19th Century Irish visitors well beaten

Between 1898 and 1904 Greenock and North of Ireland Cricket Club (NICC) met each other in matches played over 2 days at each other's ground on alternate years. Travel would have been by steamer and must have been quite daunting for the time. The Irishmen were clearly quite intrepid travellers as earlier games had been played in 1888 and 1891 at Glenpark but these were one-off fixtures.

In 1898, Greenock ventured to Ireland on a short tour, playing and defeating North Down in a one-day match and NICC in a two-day fixture and the latter reciprocated this match the following year with a two-day fixture at Glenpark starting on Friday 7th  July. It seems that this match was supposed to be the start of a tour undertaken by the Irishmen but in the event fixtures with Grange and Dunfermline did not go ahead.

NICC struggle before lunch on first day

NICC won the toss and elected to bat first on a pitch that appeared to be in good condition despite the early morning rain that had fallen. They made a good start as Moran scored quite freely but his dismissal, bowled by Greenock's professional, Thompson Smith, for 22 with the score on 29, heralded a collapse and when lunch was taken, NICC were struggling at 42 for 4. The Greenock Telegraph noted that "the visitors were not feeling at ease with the home trundling".

That unease continued in the afternoon session and when Greenock's skipper, Sam MacDougall, performed the hat-trick, bowling Baines, the visitors' professional, Hamilton and Ferris, the score then stood at 77 for 8. The Glasgow Herald reported that MacDougall's feat "aroused much enthusiasm among the spectators" as well it should have.

Sam MacDougall the all-rounder

MacDougall was a renowned heavy hitter and CD Stuart in the Club's centenary booklet stated "There have been few better drivers. Timing with him was almost an exact science, and it was amazing to see a ball, which had been hit with apparently nonchalant ease, shatter the slates on the house tops in adjacent Fox Street." Stuart also elaborated on MacDougall's skills as a bowler, noting that, despite being self-taught, he was one of the very first Scottish bowlers to perfect the art of swing bowling.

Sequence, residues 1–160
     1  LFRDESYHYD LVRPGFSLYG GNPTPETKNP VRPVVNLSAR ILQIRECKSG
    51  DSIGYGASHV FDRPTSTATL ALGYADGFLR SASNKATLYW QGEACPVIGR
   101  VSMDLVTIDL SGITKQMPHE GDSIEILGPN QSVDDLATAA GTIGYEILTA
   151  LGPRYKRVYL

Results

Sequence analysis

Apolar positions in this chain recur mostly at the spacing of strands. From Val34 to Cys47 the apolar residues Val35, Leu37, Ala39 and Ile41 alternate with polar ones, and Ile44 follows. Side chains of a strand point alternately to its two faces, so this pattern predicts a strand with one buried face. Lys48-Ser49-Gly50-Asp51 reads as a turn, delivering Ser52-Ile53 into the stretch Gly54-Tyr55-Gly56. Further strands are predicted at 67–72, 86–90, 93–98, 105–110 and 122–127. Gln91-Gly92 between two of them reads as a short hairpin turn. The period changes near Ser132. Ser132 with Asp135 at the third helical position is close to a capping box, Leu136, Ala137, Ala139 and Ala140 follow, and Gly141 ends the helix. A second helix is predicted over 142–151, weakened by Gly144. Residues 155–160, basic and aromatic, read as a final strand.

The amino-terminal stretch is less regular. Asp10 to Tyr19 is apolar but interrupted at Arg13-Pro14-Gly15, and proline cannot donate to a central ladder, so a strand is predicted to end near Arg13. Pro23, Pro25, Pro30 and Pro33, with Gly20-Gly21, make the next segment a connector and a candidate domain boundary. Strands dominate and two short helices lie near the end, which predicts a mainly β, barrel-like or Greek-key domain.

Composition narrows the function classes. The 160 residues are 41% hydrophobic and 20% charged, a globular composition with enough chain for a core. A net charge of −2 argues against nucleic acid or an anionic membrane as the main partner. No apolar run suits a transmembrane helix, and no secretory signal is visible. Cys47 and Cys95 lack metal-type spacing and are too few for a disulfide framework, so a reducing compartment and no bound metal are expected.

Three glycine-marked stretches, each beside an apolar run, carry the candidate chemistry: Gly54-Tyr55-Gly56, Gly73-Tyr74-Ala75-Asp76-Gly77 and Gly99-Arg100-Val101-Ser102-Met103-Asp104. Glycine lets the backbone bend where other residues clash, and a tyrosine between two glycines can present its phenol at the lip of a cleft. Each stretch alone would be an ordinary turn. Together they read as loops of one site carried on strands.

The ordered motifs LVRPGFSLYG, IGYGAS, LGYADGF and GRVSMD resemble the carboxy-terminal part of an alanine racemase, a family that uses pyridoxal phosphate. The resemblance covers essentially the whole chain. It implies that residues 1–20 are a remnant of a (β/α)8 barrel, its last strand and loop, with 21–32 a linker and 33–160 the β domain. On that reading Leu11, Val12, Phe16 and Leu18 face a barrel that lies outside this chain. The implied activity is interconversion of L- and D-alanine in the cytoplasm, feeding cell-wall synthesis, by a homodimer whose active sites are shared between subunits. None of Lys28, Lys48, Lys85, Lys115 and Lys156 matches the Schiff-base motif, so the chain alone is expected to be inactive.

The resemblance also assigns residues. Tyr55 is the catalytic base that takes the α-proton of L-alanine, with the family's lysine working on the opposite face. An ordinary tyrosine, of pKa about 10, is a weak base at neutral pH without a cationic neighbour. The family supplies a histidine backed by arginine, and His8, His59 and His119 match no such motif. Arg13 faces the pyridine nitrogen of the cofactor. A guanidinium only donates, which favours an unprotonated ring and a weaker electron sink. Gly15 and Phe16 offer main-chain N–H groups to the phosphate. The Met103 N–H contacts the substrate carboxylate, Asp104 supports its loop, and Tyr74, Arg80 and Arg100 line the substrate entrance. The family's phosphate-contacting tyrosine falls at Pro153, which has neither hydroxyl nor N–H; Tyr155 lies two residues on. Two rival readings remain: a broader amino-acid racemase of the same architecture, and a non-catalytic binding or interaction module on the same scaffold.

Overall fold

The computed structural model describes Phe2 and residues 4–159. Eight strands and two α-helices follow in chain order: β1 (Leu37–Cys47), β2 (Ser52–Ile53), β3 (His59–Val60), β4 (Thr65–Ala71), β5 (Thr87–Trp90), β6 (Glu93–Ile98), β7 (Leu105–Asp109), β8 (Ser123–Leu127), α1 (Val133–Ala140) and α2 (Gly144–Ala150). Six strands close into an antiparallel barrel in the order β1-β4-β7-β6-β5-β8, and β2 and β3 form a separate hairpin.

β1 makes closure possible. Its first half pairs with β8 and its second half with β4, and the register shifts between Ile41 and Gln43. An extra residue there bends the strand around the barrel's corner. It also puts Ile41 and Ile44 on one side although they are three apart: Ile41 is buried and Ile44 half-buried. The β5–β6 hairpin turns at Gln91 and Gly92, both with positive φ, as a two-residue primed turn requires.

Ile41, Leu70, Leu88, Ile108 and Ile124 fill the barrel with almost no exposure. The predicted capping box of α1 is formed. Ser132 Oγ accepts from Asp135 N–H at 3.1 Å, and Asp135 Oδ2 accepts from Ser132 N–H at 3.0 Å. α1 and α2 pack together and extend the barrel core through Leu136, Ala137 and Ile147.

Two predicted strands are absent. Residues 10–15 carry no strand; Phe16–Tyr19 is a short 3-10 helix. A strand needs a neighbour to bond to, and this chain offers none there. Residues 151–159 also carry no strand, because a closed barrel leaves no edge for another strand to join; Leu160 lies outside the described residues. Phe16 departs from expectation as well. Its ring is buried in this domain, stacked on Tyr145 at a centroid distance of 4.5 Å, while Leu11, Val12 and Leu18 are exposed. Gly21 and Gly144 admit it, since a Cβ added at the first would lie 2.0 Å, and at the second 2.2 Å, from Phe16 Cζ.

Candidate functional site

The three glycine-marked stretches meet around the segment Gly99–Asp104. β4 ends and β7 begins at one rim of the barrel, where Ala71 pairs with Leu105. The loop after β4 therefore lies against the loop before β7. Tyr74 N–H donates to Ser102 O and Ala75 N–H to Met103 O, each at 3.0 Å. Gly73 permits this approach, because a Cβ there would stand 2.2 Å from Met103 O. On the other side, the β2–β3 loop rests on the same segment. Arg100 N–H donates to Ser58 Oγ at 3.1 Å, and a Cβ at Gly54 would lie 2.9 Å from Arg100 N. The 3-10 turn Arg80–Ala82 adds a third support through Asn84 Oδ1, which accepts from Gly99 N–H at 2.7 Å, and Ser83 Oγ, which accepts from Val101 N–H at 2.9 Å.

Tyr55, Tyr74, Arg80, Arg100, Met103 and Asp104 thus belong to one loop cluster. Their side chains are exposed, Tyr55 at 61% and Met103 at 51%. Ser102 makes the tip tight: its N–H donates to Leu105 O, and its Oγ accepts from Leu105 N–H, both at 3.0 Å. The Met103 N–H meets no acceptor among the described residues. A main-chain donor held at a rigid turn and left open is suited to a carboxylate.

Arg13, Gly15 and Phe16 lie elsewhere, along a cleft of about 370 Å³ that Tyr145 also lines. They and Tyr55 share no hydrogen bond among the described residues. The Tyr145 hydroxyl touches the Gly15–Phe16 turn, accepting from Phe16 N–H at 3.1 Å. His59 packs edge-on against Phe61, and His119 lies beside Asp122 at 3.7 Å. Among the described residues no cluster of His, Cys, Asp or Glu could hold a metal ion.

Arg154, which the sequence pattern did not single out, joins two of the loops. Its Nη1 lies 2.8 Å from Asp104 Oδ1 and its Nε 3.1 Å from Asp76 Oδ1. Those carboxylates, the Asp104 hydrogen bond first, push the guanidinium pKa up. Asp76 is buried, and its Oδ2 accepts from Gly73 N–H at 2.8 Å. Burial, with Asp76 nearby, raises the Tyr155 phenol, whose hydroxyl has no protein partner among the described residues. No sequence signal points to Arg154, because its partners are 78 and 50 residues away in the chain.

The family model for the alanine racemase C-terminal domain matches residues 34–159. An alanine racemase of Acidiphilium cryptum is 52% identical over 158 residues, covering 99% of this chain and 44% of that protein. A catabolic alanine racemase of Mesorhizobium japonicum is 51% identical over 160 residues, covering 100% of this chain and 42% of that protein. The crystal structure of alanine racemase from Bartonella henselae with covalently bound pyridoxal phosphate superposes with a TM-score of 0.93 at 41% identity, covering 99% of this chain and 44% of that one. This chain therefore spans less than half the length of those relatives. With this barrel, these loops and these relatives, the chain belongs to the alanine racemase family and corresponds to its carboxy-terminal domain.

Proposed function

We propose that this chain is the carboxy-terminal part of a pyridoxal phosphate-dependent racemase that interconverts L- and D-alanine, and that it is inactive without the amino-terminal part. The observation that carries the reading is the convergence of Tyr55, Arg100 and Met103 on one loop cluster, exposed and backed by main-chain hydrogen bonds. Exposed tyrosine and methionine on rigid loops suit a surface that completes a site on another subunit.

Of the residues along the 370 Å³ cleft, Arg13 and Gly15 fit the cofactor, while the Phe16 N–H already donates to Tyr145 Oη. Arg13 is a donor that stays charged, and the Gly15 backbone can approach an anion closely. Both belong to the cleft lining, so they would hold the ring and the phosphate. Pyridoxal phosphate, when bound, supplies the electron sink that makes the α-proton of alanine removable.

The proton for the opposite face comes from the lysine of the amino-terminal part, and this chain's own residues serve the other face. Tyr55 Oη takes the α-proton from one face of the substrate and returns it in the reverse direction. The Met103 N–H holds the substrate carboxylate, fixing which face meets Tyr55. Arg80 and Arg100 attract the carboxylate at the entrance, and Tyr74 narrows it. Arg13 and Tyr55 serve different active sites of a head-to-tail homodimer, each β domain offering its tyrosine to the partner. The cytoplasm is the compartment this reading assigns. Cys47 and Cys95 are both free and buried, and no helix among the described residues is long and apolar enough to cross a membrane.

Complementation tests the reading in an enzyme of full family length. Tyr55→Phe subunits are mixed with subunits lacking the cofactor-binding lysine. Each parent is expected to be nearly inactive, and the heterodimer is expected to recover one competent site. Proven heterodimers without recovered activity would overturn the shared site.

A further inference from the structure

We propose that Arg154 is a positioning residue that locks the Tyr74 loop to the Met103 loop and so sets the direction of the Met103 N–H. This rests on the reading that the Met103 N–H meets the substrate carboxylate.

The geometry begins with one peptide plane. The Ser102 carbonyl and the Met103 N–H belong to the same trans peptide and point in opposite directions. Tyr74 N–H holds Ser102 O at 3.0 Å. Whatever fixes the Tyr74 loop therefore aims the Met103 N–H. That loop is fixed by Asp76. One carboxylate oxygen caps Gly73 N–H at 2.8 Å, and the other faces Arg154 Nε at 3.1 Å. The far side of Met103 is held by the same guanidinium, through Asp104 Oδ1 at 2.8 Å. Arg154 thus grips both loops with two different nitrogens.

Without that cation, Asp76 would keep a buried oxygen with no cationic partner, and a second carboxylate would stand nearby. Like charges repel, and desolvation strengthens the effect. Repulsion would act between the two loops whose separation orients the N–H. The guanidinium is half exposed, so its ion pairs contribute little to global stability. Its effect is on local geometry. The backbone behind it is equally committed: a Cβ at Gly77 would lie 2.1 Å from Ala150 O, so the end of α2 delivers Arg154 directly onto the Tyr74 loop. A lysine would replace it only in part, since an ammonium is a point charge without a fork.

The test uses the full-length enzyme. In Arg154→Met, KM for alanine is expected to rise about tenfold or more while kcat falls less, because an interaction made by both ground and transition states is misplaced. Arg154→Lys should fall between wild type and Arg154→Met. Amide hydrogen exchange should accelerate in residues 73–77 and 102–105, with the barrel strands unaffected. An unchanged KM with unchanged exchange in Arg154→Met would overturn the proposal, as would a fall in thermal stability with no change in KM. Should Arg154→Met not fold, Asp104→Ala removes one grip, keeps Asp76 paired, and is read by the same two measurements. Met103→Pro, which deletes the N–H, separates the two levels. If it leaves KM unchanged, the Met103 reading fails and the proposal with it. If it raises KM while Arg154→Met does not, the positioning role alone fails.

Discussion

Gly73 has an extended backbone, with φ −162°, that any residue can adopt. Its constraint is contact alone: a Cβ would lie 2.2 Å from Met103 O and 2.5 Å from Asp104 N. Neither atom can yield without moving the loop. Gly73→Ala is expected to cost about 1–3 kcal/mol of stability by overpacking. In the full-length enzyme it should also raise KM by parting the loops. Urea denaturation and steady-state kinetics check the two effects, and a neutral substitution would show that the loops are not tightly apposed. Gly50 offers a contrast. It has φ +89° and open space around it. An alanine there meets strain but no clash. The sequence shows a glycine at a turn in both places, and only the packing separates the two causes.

NICC's ninth wicket pairing of J Andrews and Clarke restored some semblance of order to the score, before Clarke was dismissed and the innings terminated on 137 with Andrews unbeaten on 55. Smith and MacDougall did virtually all the bowling, Smith taking 5 for 56 and MacDougall 4 for 62.

Greenock gain first innings lead

Greenock's reply was not encouraging, both openers being back in the pavilion with only 18 on the telegraph, as the scoreboard was described in those days. However, WJ Wright and the skipper righted matters and scored quite freely. MacDougall's dismissal for 45 did not halt the scoring and the brothers Ballantine combined with Wright to give Greenock a reasonable lead. When play finished for the day at 6.30pm, the score stood at 188 for 9 with the Adam brothers at the crease. Wright fell for 47, an innings which the Glasgow Herald said was achieved by "judicious cricket".

Play restarted the next day at noon and Greenock advanced their first innings score to 217 before PBH Adam was dismissed, his brother Robert being unbeaten on 34.

Moran leads NICC fight-back

NICC's openers, Newett and Moran, put on a good stand for the first wicket when NICC set out to erase the arrears of 80 and Moran in particular gave a good display of all-round batting in a knock that contained 19 boundaries. He was accorded a fine ovation by the local spectators when his innings was finally ended by a catch in the slips by Arthur Graham, having made 80 fine runs. Thereafter only Baines was able to give any trouble to the home bowling and the innings ended on 198, leaving Greenock needing 119 for victory and three hours to get the runs.